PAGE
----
NiceHash runs afoul of authorities, again

NiceHash runs afoul of authorities, again

Cryptocurrency mining marketplace NiceHash doesn’t seem to get the message. Hacking computers, or even offering software that enables hacks, is prohibited. The US Federal Bureau of Investigation (FBI) has targeted the site – again – over its activities, this time because it allegedly was planning on creating and distributing malware over Darkode, a dark web forum that is popular with hackers and other criminals.

Darkode is a criminal organization that is managed through a password-protected online forum. IT has been used by “high-level international hackers” and with crooks in order to buy, sell or share hacking tools and info, and was already targeted by the FBI. An investigation into the site led to the arrest of Thomas McCormack out of the US, Spain’s Florencio Carro Ruiz and two Slovenians, Matjaz Skorjanc and Mentor Leniqi. All are facing charges of racketeering conspiracy and conspiracy to commit bank and wire fraud. According to a Department of Justice press release, each of the conspiracy charges includes identity theft, extortion and access to device fraud.

The release adds, “As alleged in the charging documents, Darkode was a criminal organization centered around an online, password-protected criminal forum where high-level international hackers and other cyber-criminals convened to develop, buy, sell, trade, and share hacking tools, information, and ideas. Before becoming a member of Darkode, prospective members were vetted through a process in which an existing member invited a prospective member to the forum to present the skills or products that he or she could bring to the group. Darkode members allegedly used each other’s skills and products to infect computers and electronic devices of victims around the world with malware and, thereby gain access to, and control over, those devices.”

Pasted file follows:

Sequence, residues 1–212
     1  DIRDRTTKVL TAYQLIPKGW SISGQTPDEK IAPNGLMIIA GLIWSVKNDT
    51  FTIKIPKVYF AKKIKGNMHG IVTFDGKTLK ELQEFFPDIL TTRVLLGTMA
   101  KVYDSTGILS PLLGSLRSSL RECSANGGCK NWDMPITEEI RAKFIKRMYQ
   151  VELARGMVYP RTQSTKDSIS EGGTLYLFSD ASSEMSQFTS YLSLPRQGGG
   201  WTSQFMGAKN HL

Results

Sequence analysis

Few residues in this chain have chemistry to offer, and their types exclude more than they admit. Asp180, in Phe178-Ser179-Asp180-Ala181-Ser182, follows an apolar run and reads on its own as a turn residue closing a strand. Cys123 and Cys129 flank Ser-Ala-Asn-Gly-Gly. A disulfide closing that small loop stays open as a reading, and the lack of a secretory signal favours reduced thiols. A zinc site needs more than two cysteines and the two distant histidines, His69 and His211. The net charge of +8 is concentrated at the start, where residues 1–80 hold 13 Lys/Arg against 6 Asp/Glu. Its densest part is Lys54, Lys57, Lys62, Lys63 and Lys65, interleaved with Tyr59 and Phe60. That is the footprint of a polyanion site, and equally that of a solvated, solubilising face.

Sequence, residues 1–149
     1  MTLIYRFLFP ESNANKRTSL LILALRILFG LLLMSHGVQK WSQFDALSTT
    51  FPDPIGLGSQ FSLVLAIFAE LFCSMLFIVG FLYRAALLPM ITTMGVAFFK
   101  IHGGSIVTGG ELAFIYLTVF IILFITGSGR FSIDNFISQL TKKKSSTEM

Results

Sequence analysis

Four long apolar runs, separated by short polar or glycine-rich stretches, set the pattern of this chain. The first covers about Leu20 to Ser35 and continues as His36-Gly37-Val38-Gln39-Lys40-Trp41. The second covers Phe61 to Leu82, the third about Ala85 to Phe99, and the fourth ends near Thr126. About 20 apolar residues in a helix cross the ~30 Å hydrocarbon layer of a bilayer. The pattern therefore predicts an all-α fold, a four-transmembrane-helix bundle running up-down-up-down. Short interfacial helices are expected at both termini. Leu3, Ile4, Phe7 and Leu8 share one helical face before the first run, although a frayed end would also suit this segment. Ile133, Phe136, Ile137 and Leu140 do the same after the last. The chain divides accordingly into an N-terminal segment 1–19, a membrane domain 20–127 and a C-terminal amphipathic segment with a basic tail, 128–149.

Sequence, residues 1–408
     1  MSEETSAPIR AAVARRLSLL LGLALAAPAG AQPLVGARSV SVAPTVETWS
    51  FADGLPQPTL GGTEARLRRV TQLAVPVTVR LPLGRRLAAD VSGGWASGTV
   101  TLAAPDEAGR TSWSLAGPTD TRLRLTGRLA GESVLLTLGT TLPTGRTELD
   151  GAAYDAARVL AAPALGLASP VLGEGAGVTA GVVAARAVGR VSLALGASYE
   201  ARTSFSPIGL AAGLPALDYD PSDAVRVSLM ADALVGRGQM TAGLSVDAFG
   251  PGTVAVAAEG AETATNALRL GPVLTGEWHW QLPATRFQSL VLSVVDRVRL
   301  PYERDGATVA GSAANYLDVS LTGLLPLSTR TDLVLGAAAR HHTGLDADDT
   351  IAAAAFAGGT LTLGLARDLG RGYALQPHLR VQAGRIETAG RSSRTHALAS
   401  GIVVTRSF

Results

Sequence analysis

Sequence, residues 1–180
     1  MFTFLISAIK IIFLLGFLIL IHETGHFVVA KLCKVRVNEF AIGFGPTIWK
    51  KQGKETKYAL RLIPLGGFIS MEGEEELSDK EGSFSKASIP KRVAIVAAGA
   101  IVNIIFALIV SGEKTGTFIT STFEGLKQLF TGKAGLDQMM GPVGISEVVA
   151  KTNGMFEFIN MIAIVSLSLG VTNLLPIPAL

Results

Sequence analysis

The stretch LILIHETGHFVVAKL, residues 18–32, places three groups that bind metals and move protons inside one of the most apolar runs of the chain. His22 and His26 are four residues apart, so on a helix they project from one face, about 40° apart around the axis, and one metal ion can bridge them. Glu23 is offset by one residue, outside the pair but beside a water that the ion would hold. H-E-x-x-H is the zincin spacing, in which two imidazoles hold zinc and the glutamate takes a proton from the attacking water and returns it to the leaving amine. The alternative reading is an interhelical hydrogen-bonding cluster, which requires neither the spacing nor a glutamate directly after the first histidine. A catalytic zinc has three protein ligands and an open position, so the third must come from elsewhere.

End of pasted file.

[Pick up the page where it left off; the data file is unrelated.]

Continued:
Skorjanc, also known in the underground circles as “iserdo,” created NiceHash. He is also responsible for malware that infected over one million computers in what was one of the largest coordinated attacks ever, and which formed the Mariposa botnet. He already served a five-year sentence for Mariposa and was released in 2017, but is apparently back to his old ways.

The new charges brought forward by the FBI center on Skorjanc’s activity, as well as that of his cohorts, in distributing malware through Darkode. Each of the criminals is looking at, possibly, a minimum of 20 years behind bars. Racketeering conspiracy carries a maximum sentence of 20 years and conspiracy to commit bank and wire fraud has a 30-year maximum. Hopefully, they would run consecutively.

The crooks won’t be locked up anytime soon, though. The FBI hasn’t been able to find them. Only McCormack has been arrested. The others are still in the wind.

Editor’s Note: NiceHash have published a response to this article, which can be found on their website

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